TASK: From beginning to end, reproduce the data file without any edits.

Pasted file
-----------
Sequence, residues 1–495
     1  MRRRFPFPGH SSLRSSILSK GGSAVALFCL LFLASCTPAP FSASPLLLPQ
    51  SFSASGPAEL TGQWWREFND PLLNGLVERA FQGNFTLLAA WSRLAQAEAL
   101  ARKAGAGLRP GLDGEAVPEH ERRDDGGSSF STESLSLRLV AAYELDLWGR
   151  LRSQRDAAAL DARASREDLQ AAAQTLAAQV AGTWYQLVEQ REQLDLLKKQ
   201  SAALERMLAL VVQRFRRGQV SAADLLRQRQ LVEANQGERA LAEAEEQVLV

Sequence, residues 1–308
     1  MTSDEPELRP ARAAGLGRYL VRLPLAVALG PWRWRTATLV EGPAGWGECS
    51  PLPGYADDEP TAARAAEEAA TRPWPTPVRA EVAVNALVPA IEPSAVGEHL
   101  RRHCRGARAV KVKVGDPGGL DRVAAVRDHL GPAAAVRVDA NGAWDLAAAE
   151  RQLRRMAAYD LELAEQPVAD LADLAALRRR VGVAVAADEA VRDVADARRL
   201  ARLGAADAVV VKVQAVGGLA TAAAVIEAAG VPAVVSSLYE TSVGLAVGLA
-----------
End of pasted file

Sequence, residues 1–495
     1  MRRRFPFPGH SSLRSSILSK GGSAVALFCL LFLASCTPAP FSASPLLLPQ
    51  SFSASGPAEL TGQWWREFND PLLNGLVERA FQGNFTLLAA WSRLAQAEAL
   101  ARKAGAGLRP GLDGEAVPEH ERRDDGGSSF STESLSLRLV AAYELDLWGR
   151  LRSQRDAAAL DARASREDLQ AAAQTLAAQV AGTWYQLVEQ REQLDLLKKQ
   201  SAALERMLAL VVQRFRRGQV SAADLLRQRQ LVEANQGERA LAEAEEQVLV

Sequence, residues 1–308
     1  MTSDEPELRP ARAAGLGRYL VRLPLAVALG PWRWRTATLV EGPAGWGECS
    51  PLPGYADDEP TAARAAEEAA TRPWPTPVRA EVAVNALVPA IEPSAVGEHL
   101  RRHCRGARAV KVKVGDPGGL DRVAAVRDHL GPAAAVRVDA NGAWDLAAAE
   151  RQLRRMAAYD LELAEQPVAD LADLAALRRR VGVAVAADEA VRDVADARRL
   201  ARLGAADAVV VKVQAVGGLA TAAAVIEAAG VPAVVSSLYE TSVGLAVGLA